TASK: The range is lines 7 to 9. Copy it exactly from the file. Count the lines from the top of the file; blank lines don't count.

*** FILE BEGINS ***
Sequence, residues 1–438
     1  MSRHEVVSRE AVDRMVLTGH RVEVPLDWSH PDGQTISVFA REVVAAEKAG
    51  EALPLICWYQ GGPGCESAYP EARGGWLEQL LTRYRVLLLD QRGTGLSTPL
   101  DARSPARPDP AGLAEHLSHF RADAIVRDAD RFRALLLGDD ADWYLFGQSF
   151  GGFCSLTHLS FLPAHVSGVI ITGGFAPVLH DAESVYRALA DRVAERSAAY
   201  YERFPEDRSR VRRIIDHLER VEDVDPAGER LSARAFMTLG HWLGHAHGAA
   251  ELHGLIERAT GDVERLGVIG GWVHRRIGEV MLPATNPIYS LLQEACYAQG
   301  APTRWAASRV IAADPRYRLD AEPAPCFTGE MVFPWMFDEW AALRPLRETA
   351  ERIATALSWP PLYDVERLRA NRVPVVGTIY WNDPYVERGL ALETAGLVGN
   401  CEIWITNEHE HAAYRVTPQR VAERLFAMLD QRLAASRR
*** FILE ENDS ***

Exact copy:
   251  ELHGLIERAT GDVERLGVIG GWVHRRIGEV MLPATNPIYS LLQEACYAQG
   301  APTRWAASRV IAADPRYRLD AEPAPCFTGE MVFPWMFDEW AALRPLRETA
   351  ERIATALSWP PLYDVERLRA NRVPVVGTIY WNDPYVERGL ALETAGLVGN